Propagation Methods: From leaf cuttings From woody stem cuttings From softwood cuttings From semi-hardwood cuttings From seed; stratify if sowing indoors Direct sow as soon as the ground can be worked From seed; sow indoors before last frost From seed; direct sow after last frost From seed; germinate in a damp paper towel
Seed Collecting: Allow pods to dry on plant; break open to collect seeds Wear gloves to protect hands when handling seeds Properly cleaned, seed can be successfully stored
On Jun 10, 2011, EdgarRossal from Guatemala Guatemala (Zone 10a) wrote:
Brunfelsias have been among the most beautiful tropical plants I ever had, they bloomed like crazy during the tropical rainy season but its beauty makes to forget the hidden fatal consequences produced by ingesting its poisoning seeds.
I do still keep them but under my supervision, once they bloomed I cut it off all the seedpods to avoid them from maturing and falling into the ground.
How I noticed? well, I am a bird lover and I have some peacocks, pheasants and 2 fantail doves roaming free in the landscape but last year I overlooked to trim all the seedpods before they mature and the result was fatal.
One white male peacock died by eating 20 seeds and the 2 doves too. They colapsed just minutes after ingesting the seeds; trembling, disoriented, and signs of fatigue. The peacock late more in dying due to its size but after 2 hours he was dead. A necropsy made on them revealed the deadly seeds in their bladders.
If you love these plants and you still want to have them on your yard BE VERY CAUTIOUS!!! BUT VERY CAUTIONS, if you feel like you can be alert to the seeding season its ok but if you cant...avoid these plants from your garden if you have pets or children. Its not worthy to suffer from loosing your pets or poisoning the kids. Dont know how fatal can be on humans.
Hi, I've grown this plant in a pot for about 11 years now. Its best feature is the bloom and the wonderful fragrance. But, it doesn't bloom as often as I'd like. And, if you neglect its nutrient requirements, it starts to look ragged. So, with extra plant food, zinc, iron and water/part shade, it looks great. In fact, I just repotted mine into a bigger pot today.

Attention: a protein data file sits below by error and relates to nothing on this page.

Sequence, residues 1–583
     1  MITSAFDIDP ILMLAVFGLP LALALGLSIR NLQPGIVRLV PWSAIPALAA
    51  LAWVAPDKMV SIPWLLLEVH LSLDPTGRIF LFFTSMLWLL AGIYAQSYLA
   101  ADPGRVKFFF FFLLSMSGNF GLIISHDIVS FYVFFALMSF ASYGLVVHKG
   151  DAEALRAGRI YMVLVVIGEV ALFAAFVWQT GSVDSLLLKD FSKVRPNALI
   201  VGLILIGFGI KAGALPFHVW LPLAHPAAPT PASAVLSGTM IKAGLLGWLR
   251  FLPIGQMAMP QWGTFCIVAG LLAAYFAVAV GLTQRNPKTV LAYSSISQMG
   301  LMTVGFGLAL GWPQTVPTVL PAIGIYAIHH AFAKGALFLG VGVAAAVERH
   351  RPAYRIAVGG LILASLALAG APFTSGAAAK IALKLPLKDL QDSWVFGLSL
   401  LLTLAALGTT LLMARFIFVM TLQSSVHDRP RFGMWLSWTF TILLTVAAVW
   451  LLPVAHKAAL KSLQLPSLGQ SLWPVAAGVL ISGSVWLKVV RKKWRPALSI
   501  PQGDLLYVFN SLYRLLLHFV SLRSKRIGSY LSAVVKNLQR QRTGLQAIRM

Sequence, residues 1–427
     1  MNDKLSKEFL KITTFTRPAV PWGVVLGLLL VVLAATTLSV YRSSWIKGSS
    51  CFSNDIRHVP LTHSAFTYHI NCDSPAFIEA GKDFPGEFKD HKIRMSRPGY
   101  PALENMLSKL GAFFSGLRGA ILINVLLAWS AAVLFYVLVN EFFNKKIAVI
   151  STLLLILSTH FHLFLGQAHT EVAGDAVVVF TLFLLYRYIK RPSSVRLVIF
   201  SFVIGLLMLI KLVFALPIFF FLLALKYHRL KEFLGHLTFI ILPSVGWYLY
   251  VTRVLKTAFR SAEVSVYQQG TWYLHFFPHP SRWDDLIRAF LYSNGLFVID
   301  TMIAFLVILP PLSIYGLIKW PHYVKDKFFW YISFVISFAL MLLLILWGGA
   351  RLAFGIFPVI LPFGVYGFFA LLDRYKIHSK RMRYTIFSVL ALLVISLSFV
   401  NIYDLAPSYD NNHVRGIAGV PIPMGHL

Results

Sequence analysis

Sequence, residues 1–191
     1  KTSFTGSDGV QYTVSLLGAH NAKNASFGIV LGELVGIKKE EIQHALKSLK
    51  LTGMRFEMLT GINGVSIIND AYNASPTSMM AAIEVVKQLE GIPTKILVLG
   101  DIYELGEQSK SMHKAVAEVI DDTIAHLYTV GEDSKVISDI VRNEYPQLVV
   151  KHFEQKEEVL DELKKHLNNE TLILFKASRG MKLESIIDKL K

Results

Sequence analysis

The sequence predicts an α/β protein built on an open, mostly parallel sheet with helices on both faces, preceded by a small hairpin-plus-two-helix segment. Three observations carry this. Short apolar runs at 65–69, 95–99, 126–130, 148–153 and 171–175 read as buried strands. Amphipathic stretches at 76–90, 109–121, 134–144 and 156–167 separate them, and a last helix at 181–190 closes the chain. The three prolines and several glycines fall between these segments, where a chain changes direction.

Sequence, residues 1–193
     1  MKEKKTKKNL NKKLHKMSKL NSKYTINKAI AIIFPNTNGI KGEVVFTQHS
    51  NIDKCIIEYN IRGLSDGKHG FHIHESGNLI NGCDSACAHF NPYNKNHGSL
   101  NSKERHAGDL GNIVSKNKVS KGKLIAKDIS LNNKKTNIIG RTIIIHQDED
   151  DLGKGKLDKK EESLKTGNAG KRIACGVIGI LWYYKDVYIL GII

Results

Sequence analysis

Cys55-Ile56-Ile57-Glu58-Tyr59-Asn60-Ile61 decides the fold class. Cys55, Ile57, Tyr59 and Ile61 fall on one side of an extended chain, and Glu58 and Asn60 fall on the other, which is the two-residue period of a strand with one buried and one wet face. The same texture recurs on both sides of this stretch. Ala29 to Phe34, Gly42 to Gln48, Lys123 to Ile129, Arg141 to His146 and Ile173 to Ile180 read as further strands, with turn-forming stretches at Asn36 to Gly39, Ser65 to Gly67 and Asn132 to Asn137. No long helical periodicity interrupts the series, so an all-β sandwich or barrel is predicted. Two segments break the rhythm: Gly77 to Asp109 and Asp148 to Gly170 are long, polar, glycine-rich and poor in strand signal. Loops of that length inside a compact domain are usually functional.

Fair warning...this plant is toxic. My sister in law had one, one of her dogs ate the berries and almost died!!! Luckily the vet had just seen a report about this plant. So, if you have pets or little ones, do remove berries and dry seeds in a high safe place. The rest of the plant is iffy, so give thought to where you put this lovely plant.
On Oct 27, 2007, DiamondD from Baton Rouge, LA (Zone 8b) wrote:
I've had this plant for five years in the same pot, same location. This is a no fuss plant. Only once did it get any frost damage and that was minimal. It seems to benefit from selective pruning in early spring.
On Oct 12, 2007, macybee from Deer Park, TX (Zone 9a) wrote:
These evergreen shrubs or small trees from South and Central America bear delightfully fragrant flowers with a narrow tube flaring abruptly into 5 flat petals; these change color from their first day of opening through successive days, with flowers of different ages sprinkling the bush. Most species are slow growing and bushy, with simple, rather leathery leaves. The plants may all contain poisonous alkaloids, particularly in their berry-like fruits, which have been known to poison dogs.
Cultivation: These shrubs need a frost-free site, in full sun or with afternoon shade, and fertile, well-drained soil with adequate water in summer or during dry spells. They do well in pots and are widely grown in greenhouses in Europe. Prune after flowering to promote bushiness. Propagate from tip cuttings. Mealybug and white fly may present problems.
Brunfelsia pauciflora syns Brunfelsia callycina, B eximia - Brazil Raintree:
This small deciduous or semi-evergreen shrub is slower growing and less vigorous than Brunfelsia australis, with duller dark green, leathery leaves, growing to about 5' tall and wide but rather open branched. In bloom it is even more dramatic: large, abundant flowers open a rich purple and fade to mauve and white over successive days, all through spring and earlly summer. 'Floribunda' has smaller leaves and extremely abundant pale purple flowers.
This plant has been said to grow in the following regions:
Agoura Hills, California San Diego, California (2 reports) San Francisco, California Brent, Florida Lake City, Florida Masaryktown, Florida Milton, Florida Ocoee, Florida Sarasota, Florida Tampa, Florida Yeehaw Junction, Florida Kahului, Hawaii Baton Rouge, Louisiana New Iberia, Louisiana Corpus Christi, Texas Humble, Texas New Braunfels, Texas Spring, Texas